Those who remember the 1990s in the telco industry know of the massive investment destruction in telecoms infrastructure that was carried out by Telstra and Optus.
At that time Optus saw the strategy to build a high-speed broadband infrastructure based on the HFC technology as a way to break Telstra’s telecoms monopoly. This infrastructure was to deliver far superior broadband and cable TV services than Telstra could supply over its copper cable network.
However, under a self-regulatory regime, Telstra saved no money or effort and chased Optus through every street it was working in to overbuild the new network with its own HFC infrastructure. In the end this led to a $7 billion investment destruction and resulted in a very small alternative network (roughly covering 25 per cent of premises).
Obviously Optus’ aim was to become that alternative telecoms provider based on a nationwide (or at least metro-wide) network. Apart from the enormous financial losses, Australia also ended up with a half-baked solution that has been a millstone around the neck of Optus – since that time it has never been able to position itself as a real facilities-based competitor to Telstra.
Telstra, as the victor, retained its monopoly, which led to the greatly diminished competition during the 00s. As a result the cost of all of this to Australia was that it became one of the last countries to get broadband; and its prices were higher and its speeds lower than anywhere else in the world.
While there are many lessons that we can learn from this disaster – the key one being that building competitive national telecoms infrastructure is economically unviable – we will concentrate here on another element, that of ubiquity.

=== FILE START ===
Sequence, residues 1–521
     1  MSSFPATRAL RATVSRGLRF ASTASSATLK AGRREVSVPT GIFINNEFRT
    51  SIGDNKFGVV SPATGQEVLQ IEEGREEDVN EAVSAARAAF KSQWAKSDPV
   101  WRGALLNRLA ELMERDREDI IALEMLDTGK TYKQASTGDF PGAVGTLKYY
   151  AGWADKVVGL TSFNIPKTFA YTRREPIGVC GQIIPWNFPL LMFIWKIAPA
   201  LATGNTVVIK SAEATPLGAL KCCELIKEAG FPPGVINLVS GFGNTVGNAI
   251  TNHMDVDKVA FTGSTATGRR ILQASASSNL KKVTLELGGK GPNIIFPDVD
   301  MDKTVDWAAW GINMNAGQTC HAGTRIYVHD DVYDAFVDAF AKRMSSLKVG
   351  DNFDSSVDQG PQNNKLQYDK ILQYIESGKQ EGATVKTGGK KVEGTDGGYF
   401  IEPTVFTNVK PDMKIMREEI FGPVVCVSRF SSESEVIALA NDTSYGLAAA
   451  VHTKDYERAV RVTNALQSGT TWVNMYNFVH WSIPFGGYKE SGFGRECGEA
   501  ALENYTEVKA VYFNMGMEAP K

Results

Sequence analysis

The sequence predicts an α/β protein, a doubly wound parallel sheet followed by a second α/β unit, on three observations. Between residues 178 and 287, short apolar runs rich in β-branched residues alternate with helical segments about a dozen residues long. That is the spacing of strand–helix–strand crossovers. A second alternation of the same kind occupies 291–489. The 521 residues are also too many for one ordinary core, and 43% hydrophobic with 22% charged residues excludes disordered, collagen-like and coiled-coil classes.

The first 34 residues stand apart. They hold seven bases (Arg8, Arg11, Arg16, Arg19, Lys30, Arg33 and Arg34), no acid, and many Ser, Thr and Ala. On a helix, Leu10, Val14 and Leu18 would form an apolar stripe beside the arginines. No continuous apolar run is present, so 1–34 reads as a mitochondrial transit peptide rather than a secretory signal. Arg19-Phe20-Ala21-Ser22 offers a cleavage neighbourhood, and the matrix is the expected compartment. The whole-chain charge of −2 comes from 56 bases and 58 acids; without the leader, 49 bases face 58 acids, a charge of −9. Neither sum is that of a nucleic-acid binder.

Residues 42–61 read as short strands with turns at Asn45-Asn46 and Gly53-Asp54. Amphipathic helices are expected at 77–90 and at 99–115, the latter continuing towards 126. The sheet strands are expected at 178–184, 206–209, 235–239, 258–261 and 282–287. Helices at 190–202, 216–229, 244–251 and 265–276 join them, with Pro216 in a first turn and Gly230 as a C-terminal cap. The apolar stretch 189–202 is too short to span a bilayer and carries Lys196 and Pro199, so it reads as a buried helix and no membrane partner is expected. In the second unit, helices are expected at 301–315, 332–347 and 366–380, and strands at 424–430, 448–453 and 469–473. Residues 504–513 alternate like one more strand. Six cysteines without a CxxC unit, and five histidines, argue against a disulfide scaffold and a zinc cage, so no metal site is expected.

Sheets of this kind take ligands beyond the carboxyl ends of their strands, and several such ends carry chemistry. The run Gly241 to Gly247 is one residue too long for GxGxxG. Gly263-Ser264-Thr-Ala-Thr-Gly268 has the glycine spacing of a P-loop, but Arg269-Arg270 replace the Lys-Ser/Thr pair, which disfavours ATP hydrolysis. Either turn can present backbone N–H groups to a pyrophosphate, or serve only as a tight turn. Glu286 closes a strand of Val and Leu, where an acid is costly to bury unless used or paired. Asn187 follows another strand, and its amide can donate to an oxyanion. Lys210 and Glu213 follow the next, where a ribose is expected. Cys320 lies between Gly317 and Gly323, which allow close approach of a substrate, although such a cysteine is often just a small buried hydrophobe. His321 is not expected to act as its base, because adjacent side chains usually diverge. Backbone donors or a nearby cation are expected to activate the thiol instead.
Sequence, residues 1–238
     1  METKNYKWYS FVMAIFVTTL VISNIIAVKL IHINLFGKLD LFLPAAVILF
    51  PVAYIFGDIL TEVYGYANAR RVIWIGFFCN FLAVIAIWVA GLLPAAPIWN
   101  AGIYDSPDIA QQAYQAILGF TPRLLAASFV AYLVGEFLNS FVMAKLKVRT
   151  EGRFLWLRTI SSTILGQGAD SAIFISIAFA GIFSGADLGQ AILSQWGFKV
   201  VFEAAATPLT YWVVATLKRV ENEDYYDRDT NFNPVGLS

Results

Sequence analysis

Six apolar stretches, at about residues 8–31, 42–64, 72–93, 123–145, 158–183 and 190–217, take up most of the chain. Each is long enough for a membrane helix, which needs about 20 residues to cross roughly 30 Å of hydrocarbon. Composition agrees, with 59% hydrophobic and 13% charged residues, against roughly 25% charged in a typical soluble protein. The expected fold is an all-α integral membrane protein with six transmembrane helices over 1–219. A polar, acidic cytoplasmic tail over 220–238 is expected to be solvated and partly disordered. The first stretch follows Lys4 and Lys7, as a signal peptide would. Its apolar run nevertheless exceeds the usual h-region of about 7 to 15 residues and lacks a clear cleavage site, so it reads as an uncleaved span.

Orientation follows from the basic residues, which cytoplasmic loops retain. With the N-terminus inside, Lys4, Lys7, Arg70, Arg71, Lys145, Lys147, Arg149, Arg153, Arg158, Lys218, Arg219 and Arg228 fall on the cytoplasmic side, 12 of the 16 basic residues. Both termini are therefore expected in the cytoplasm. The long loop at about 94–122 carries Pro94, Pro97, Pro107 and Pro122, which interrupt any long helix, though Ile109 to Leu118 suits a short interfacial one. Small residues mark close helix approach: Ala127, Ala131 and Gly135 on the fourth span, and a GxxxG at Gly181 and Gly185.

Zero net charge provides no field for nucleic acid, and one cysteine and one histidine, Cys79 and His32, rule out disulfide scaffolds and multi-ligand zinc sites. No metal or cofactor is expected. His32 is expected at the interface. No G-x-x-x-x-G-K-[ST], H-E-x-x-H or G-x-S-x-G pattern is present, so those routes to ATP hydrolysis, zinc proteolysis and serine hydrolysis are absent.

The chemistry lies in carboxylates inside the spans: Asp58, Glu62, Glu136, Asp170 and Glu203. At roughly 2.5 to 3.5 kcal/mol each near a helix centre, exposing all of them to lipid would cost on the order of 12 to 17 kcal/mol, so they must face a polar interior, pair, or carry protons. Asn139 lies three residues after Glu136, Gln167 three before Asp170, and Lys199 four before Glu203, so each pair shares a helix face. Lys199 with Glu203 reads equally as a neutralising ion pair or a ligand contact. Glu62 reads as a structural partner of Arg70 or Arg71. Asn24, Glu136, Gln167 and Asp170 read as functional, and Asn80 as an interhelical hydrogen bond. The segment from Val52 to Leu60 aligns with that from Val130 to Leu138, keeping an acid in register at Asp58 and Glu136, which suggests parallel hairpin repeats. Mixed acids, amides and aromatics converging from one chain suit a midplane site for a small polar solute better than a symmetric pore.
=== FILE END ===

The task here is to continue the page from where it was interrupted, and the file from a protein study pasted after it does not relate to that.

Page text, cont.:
As we all know, devices and services such as telephones, faxes, emails, internet etc will only create economic and social benefits if they are ubiquitously available. It is something of a chicken-and-the-egg situation – once ‘everyone’ has them these new services unleash enormous personal and societal benefits.
Of course, the same will apply to the next generation of broadband infrastructure. This will facilitate the transformation of complete sectors of the economy such as business, finance, media, healthcare, education, etc. But here also the social and economic benefits can only be achieved if those services are ubiquitous.
In many situations these services will not be economically viable if they can only be delivered to, let’s say, 25 per cent of the population. Pay TV in Australia never really took off due, to a large extent, to the lack of scale and as a result the country ended up with the most expensive pay TV services in the world and high-speed broadband over HFC is only available to a small proportion of the population.
If we had got it right at the beginning and HFC had become that alternative infrastructure we certainly would not have needed the government’s NBN intervention – we would have been able to avoid the market failure that followed that HFC disaster.
Are we now going to make that same mistake again?
Presumably they will not go that far in capital destruction and the work that is underway at the time will be allowed to be completed. However, without the level of network ubiquity needed for such infrastructure, the investment ‘in the ground’ at that time will be fairly useless, as very few companies will start delivering services over such a limited infrastructure. The capital destruction, as well as the massive disruption to the telecoms industry, will cost far more than the $7 billion destroyed during the HFC rollout.
If we have a repeat of the HFC network debacle and end up with a half-baked fibre-based infrastructure, this destruction of capital, plus the damage to the economy and the Australian society, will be many times greater than the $27 billion of taxpayers’ money that will be spent over a ten-year period to establish a ubiquitous high-speed broadband infrastructure.
Paul Budde is the managing director of BuddeComm, an independent telecommunications research and consultancy company, which includes 45 national and international researchers in 15 countries.